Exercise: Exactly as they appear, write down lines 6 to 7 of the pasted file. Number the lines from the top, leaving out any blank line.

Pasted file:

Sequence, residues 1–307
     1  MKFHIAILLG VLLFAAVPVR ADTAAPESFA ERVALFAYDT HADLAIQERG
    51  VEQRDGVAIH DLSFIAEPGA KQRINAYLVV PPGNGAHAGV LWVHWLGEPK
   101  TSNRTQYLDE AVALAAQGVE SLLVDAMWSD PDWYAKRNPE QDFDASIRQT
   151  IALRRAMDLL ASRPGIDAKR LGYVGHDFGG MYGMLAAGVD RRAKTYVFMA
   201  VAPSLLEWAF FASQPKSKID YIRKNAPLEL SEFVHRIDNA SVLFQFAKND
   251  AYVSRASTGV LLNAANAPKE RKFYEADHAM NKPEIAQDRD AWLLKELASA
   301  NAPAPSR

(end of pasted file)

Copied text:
   201  VAPSLLEWAF FASQPKSKID YIRKNAPLEL SEFVHRIDNA SVLFQFAKND
   251  AYVSRASTGV LLNAANAPKE RKFYEADHAM NKPEIAQDRD AWLLKELASA